ore than 1 million fans a day use the popular Zoom conference software. It’s an easy way to connect with large groups of participants at a time who use video for meetings, webinars, online education, and many other needs. However, a recent discovery of a flaw in the app is affecting Apple users who find uninvited guests have hijacked their webcams. The cloud-based platform now finds itself having to fix the problem, but security experts aren’t yet satisfied with Zoom’s response. In the meantime, Apple quietly sent out an update to fix the issue within the Mac OS.
Since 2013, Zoom has been rapidly gaining fans worldwide. These fans like the app for its ease of use compared to other conferencing software, but it’s simple “click-to-join” feature is now behind Mac users finding their webcams hacked remotely. With Zoom now aware of the problem, they’ve supplied a security patch, but experts believe it came up short by not entirely addressing the vulnerabilities.
Hackers can easily exploit that “click-to-join” option and remotely gain access to user’s webcam. The webcam records activities as long as the device is turned on–even though the user is no longer actively using Zoom. For many, that means 24/7 video and verbal observation. Not only is that incredibly creepy, but it can lead to compromised system security.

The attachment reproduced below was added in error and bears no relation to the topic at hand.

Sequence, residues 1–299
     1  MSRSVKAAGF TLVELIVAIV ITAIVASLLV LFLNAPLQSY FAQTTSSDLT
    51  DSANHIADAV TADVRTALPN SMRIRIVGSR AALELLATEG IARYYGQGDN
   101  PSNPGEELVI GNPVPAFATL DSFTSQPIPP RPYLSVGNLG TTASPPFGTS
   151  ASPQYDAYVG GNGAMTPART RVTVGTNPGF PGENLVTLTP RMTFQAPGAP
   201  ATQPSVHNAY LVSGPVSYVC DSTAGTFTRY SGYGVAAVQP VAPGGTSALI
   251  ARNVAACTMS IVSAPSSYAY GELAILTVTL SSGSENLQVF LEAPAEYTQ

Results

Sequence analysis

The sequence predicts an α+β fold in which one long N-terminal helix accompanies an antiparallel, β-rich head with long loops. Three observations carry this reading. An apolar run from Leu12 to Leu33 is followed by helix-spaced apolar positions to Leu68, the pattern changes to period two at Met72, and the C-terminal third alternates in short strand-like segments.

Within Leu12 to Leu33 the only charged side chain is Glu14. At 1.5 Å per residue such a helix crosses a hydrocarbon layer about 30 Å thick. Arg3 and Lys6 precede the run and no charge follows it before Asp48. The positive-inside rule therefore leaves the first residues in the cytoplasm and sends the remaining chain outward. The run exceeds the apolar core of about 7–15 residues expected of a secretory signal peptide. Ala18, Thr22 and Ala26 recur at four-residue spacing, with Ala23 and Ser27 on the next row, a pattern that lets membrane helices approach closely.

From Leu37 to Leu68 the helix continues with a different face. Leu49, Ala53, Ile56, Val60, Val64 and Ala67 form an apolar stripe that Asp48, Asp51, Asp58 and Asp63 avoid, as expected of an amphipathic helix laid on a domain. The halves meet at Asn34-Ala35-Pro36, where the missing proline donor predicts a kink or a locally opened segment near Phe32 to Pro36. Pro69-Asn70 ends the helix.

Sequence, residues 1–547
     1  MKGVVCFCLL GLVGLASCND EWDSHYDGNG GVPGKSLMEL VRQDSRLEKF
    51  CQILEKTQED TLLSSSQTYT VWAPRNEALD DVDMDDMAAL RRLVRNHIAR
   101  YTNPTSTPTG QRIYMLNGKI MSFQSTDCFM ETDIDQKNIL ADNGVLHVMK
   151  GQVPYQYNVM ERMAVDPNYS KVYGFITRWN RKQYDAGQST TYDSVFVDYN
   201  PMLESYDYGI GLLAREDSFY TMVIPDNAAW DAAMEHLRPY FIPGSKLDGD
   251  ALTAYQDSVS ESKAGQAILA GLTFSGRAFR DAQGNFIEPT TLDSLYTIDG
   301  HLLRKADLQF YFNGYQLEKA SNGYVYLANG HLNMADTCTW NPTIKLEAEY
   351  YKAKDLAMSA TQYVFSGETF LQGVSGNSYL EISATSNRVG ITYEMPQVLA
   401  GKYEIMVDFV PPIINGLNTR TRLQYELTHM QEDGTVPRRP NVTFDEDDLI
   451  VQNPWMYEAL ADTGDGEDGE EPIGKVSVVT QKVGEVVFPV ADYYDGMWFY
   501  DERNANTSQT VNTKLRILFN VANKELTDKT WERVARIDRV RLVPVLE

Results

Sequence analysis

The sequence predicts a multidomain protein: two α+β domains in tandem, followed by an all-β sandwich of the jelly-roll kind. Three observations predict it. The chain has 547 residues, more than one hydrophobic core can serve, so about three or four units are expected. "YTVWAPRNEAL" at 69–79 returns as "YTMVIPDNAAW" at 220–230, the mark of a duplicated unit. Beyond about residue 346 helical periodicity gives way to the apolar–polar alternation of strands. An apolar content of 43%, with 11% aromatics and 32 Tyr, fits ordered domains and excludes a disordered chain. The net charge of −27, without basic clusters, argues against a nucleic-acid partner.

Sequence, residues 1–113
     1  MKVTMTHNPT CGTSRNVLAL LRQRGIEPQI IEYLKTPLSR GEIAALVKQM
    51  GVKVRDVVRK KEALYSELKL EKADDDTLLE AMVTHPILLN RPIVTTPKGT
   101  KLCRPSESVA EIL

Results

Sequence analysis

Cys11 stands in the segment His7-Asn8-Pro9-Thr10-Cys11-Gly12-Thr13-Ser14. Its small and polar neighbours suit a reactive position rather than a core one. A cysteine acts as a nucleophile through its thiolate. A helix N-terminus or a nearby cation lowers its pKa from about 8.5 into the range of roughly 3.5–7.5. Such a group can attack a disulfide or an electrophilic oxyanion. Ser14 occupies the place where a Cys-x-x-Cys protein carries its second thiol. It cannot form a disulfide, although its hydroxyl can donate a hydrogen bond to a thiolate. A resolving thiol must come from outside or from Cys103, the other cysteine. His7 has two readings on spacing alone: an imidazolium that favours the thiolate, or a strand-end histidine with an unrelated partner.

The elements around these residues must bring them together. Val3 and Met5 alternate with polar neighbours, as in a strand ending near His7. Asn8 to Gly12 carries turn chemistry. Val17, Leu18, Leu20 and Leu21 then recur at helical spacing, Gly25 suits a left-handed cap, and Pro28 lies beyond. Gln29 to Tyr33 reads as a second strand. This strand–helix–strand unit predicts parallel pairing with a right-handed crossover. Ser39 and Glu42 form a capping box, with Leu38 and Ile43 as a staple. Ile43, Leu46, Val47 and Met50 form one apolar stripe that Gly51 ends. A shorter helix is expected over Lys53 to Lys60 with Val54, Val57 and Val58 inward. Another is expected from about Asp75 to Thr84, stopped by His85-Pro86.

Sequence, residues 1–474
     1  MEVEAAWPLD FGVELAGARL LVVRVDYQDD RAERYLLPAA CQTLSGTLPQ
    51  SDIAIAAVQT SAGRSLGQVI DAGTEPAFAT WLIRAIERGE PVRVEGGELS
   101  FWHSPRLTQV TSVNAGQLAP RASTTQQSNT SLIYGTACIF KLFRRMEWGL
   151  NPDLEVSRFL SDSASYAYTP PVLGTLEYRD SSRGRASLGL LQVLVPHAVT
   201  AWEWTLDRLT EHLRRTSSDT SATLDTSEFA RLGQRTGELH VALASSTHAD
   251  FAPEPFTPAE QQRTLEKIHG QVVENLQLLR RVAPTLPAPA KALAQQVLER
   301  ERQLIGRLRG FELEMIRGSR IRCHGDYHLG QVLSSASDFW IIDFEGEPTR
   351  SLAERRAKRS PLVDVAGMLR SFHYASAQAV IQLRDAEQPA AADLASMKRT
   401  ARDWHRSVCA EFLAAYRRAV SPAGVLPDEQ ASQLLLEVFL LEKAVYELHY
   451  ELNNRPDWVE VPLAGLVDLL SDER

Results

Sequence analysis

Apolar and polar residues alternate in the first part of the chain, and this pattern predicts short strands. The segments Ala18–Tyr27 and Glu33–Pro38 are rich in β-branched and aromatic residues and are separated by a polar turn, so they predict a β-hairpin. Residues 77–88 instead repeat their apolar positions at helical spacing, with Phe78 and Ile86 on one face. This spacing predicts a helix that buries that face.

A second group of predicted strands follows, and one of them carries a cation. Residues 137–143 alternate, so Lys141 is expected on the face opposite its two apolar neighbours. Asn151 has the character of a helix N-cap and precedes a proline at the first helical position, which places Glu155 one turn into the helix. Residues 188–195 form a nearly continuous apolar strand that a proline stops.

As hackers do, they find other ways to entice Zoom users into joining a setup scam. Hackers use email phishing to invite users to a non-existent meeting. The email has a bogus link to follow that is setup for the sole purpose of overtaking their webcam. Anti-phishing smarts should always be used, with a user making sure the email is legitimate before acting on it. If you aren’t aware of a meeting, most certainly don’t click any links, regardless of whose name is in the “sender” line of the email. Remember never to click links that are not expected or are from unknown persons, regardless of the link’s name. This goes for attachments too.
While Zoom addresses–or doesn’t address, the vulnerabilities, Mac users have an option to stay safe from a peeping webcam. Go into the Zoom settings and click the checkbox that automatically enables the webcam when joining a conference. Simply uninstalling Zoom won’t fix the problem because its local web server still persists, and Zoom can be automatically be reinstalled without user permission. In general, however, it’s always wise to uninstall apps you no longer use.
Before disabling the video, make sure you’re using the most current version of Zoom. Go to your Zoom preferences and click “Turn off my video when joining a meeting.” While Zoom continues to struggle providing security to its Mac users, disabling its most popular feature will keep their webcams safe, for now.